Can you tell me about the artwork on ‘Def Surrounds Us’?
DS: On the 12”s, all of the sleeves are one-offs. When it was conceived, it was the purest way I could think of to let the music out of my hands and into the chance environment of society... in the most pure and unfucked with way. It wasn’t coming from the label, it wasn’t coming laoded with information. And if I’d had my way originally, it wouldn’t even have had my name on it. It would have been totally anonymous... It would have just let time and people’s own research and ideas determine what it was. I guess in a certain sense cooler heads prevailed and it has come out as a compromise where when you first look at it you’re not going to know what it is or who it is by. But for people like you and me who look at records every day you’re just going to stop and go: “What the fuck is this?” Because it’s removing the art from its proper context. In most cases I would have my kids doodle something and then when they got bored with it I would add my own hyper detail to it. I’m not a great illustrator but I like to draw and my dad was a graphic designer. I like spending a lot of time on pointillism and detail. It doesn’t really matter what the image really is and in fact I try and keep myself from representing anything. In some of them I’ve even added a little note that says, “Please add to the artwork before you pass it along.” We’ve added stickers on some. I like the idea that the art is never quite finished. It was inspired by a lot of other covers that I’ve seen. Obviously this kind of thing has been done before in the DIY scene and the minimal synth scene of the early 80s, so I’m not claiming to have invented the process but I intended it as the most honest and pure delivery mechanism that I could think of.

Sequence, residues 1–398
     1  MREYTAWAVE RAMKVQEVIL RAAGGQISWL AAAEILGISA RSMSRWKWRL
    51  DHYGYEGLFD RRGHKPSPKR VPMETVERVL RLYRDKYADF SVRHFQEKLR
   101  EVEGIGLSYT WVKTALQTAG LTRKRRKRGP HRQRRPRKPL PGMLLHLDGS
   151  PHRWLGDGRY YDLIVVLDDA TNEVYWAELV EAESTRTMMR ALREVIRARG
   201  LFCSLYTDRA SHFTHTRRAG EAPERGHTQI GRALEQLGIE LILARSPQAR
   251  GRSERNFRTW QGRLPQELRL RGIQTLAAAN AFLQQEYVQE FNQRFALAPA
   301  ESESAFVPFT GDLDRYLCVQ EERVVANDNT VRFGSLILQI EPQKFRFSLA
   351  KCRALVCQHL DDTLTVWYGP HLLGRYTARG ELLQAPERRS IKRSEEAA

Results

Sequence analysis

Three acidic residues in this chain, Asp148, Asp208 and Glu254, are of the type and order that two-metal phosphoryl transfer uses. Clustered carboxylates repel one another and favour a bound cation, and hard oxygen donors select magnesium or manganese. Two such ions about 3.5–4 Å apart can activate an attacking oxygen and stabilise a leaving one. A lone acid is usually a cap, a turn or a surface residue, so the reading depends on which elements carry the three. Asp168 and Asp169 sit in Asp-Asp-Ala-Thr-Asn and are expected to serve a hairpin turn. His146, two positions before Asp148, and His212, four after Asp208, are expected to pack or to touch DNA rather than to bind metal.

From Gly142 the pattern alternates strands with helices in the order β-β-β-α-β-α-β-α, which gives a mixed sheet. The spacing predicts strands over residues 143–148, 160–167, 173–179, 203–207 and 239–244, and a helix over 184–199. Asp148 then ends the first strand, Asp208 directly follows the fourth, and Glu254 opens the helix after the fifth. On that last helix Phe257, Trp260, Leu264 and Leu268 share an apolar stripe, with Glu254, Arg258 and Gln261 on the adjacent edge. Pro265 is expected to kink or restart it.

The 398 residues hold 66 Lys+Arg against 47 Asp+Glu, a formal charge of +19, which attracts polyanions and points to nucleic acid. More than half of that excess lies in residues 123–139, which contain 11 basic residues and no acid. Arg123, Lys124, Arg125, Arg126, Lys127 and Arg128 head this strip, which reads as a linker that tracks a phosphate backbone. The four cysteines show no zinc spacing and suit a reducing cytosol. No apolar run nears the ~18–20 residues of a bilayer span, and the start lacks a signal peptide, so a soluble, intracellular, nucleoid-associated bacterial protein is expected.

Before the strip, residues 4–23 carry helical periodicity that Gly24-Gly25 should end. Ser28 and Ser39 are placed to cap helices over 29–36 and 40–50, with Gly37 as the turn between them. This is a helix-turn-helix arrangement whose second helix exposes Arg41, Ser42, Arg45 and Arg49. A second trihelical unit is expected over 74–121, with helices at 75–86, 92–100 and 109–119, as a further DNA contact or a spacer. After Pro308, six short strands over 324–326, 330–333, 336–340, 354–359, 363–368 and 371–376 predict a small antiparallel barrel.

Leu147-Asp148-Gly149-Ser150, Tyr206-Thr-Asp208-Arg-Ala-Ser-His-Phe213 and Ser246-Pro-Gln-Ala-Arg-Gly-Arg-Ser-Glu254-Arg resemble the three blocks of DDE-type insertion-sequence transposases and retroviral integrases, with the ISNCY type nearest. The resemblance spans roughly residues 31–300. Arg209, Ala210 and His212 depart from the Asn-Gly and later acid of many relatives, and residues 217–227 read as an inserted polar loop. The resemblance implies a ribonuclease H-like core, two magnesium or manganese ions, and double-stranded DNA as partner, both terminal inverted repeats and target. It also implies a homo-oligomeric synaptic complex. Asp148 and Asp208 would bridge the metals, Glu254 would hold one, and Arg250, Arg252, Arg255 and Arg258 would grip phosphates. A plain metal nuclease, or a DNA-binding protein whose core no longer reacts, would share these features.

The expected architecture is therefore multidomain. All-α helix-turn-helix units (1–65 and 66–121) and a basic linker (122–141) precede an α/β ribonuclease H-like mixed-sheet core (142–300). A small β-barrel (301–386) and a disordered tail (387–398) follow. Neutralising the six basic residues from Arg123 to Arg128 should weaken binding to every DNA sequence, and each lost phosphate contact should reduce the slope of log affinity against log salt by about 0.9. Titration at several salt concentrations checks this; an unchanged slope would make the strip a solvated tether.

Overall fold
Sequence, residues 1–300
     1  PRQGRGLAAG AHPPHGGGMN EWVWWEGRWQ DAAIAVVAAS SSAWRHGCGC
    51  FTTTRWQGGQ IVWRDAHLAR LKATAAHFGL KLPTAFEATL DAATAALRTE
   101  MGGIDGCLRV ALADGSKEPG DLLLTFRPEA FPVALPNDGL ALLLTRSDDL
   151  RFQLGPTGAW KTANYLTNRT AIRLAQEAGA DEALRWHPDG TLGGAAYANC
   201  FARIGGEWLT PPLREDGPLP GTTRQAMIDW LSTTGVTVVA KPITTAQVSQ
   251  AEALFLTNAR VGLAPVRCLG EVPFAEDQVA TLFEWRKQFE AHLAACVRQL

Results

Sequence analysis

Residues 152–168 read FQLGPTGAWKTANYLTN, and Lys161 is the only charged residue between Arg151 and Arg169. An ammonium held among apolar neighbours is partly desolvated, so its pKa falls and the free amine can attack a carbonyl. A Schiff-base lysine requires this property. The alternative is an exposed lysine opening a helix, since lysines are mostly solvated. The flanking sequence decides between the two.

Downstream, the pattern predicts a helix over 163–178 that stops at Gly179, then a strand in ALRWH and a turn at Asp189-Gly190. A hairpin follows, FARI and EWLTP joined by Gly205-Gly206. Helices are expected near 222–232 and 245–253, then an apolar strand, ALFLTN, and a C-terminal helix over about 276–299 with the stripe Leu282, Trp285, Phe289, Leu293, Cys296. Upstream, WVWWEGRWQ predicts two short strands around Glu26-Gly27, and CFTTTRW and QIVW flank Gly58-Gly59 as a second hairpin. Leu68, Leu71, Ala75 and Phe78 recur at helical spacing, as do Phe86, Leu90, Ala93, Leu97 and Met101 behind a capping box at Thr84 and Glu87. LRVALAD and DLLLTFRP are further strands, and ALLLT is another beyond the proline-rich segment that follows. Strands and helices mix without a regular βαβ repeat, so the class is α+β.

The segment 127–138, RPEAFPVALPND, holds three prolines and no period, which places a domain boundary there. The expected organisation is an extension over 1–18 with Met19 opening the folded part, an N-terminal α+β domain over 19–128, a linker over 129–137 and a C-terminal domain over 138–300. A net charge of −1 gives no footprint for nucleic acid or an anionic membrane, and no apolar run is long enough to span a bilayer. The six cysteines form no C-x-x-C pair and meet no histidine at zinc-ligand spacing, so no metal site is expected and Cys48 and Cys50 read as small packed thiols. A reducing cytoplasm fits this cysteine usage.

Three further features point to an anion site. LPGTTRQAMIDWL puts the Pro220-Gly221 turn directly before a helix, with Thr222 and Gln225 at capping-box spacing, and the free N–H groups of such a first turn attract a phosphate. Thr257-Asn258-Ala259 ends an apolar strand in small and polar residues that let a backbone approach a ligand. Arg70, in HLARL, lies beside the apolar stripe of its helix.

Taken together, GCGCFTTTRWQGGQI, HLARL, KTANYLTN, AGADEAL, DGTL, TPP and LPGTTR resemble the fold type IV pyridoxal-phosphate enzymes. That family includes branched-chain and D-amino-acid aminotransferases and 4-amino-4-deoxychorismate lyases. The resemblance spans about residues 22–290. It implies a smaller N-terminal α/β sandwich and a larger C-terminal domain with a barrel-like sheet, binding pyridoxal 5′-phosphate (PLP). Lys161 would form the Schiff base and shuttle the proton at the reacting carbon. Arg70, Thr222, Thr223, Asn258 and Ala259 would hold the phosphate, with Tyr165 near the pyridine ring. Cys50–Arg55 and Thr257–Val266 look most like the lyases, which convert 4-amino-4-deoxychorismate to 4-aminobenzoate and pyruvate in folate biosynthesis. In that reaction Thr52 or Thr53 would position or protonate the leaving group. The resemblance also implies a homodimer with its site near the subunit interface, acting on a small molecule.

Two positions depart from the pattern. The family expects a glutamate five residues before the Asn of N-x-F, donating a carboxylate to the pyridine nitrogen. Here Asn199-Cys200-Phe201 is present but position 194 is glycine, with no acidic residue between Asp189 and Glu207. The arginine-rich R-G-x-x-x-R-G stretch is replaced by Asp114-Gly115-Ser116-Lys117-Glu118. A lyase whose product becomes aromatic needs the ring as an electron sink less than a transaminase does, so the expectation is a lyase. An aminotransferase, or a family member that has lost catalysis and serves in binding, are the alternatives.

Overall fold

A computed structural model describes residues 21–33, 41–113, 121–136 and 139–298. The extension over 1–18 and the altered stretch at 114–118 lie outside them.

And how about placing the albums randomly in shops?
DS: It really works in the States and places outside of London primarily because you’d be hard pressed to walk into a shop in London and have it not be noticed that you’re putting a record somewhere. In the States you can walk into any charity store and no one will care what you’re doing as long as you don’t walk out with something. It just so happened that I got the first batch of vinyl when I was touring Eastern Europe, so you may stumble over some if you walk into some random shop in Budapest. I like the idea that it could be some collector of 20th Century classical music who stumbles across the record just as easily as some hipster down in Soho.
So what can you tell me about the album? You’ve said that Endtroducing isn’t a uniform record but it certainly does have a unifying mood to it. You’ve also moved further away from this and further into eclecticism and it’s five years since your last studio album, so what can we expect?
DS: There are no collaborations. Endtroducing was entirely non-collaborative. And after that I felt that I really wanted to learn from others and find out how does a guitarist record and how does a vocalist warm up and all of that stuff that I found mystifying as a fan of music. And working with Jim Abbiss on the UNKLE record was... I still work with Jim now, he mixed and co-mixed some of the songs that will be on the new album. So I was creating the collaborative process but after UNKLE I was really weary of the collaborative process because at times even though I felt that I really felt that I really stood my ground on every single possible decision on [Psyence Fiction], it was very tiring. So on the Private Press I went back to it just being me and then on my last record [The Outsider] there were a lot of collaborations again. So on this, it’s back to just me again. If I analyse Entroducing and Private Press, I think they’re the two albums that best represent what I’m about and when I think of Psyence Fiction and The Outsider, I’m thinking of two albums that I dearly love in both cases but I find somehow flawed. That’s just kind of me being honest with myself. And I think the mode that I’m in is my preferred mode and success or fail, at least I can say, “Everything that you hear I stand behind and it has my stamp of approval.” The mood, I think, is a little bit lonely and a little bit rural. There are also a lot of kinetic songs like 'Def Surrounds Us'. But no song, in my opinion, sounds like the next. I’ve always tried to do that. And ‘What Does Your Soul’ does not sound like ‘Organ Donor’ which doesn’t sound anything like ‘Building Steam’. So while some people may take exception, I’ve always felt like I’ve tried to make albums sound like they are a universe not just a town.